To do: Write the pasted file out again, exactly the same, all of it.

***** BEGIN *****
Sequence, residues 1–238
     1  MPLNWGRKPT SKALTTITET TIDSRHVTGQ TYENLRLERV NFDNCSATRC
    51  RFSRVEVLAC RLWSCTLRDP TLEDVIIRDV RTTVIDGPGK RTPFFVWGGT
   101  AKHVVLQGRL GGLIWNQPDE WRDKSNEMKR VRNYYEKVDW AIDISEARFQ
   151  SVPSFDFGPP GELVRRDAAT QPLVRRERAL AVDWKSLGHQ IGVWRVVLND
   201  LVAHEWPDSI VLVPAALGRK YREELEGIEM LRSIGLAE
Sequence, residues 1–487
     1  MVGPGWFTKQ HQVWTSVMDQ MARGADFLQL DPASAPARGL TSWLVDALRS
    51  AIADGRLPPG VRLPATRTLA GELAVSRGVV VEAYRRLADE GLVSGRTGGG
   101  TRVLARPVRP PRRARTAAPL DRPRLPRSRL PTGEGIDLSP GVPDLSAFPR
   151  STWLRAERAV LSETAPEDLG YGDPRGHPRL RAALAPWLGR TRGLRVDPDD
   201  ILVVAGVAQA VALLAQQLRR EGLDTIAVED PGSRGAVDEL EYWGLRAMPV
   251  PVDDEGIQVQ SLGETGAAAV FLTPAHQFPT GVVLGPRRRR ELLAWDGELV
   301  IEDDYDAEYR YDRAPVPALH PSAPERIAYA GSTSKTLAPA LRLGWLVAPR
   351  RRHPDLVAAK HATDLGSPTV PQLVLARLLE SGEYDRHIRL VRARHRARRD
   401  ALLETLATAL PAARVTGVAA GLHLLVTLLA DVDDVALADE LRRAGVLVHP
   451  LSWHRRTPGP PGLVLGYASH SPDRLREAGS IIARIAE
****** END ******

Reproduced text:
Sequence, residues 1–238
     1  MPLNWGRKPT SKALTTITET TIDSRHVTGQ TYENLRLERV NFDNCSATRC
    51  RFSRVEVLAC RLWSCTLRDP TLEDVIIRDV RTTVIDGPGK RTPFFVWGGT
   101  AKHVVLQGRL GGLIWNQPDE WRDKSNEMKR VRNYYEKVDW AIDISEARFQ
   151  SVPSFDFGPP GELVRRDAAT QPLVRRERAL AVDWKSLGHQ IGVWRVVLND
   201  LVAHEWPDSI VLVPAALGRK YREELEGIEM LRSIGLAE
Sequence, residues 1–487
     1  MVGPGWFTKQ HQVWTSVMDQ MARGADFLQL DPASAPARGL TSWLVDALRS
    51  AIADGRLPPG VRLPATRTLA GELAVSRGVV VEAYRRLADE GLVSGRTGGG
   101  TRVLARPVRP PRRARTAAPL DRPRLPRSRL PTGEGIDLSP GVPDLSAFPR
   151  STWLRAERAV LSETAPEDLG YGDPRGHPRL RAALAPWLGR TRGLRVDPDD
   201  ILVVAGVAQA VALLAQQLRR EGLDTIAVED PGSRGAVDEL EYWGLRAMPV
   251  PVDDEGIQVQ SLGETGAAAV FLTPAHQFPT GVVLGPRRRR ELLAWDGELV
   301  IEDDYDAEYR YDRAPVPALH PSAPERIAYA GSTSKTLAPA LRLGWLVAPR
   351  RRHPDLVAAK HATDLGSPTV PQLVLARLLE SGEYDRHIRL VRARHRARRD
   401  ALLETLATAL PAARVTGVAA GLHLLVTLLA DVDDVALADE LRRAGVLVHP
   451  LSWHRRTPGP PGLVLGYASH SPDRLREAGS IIARIAE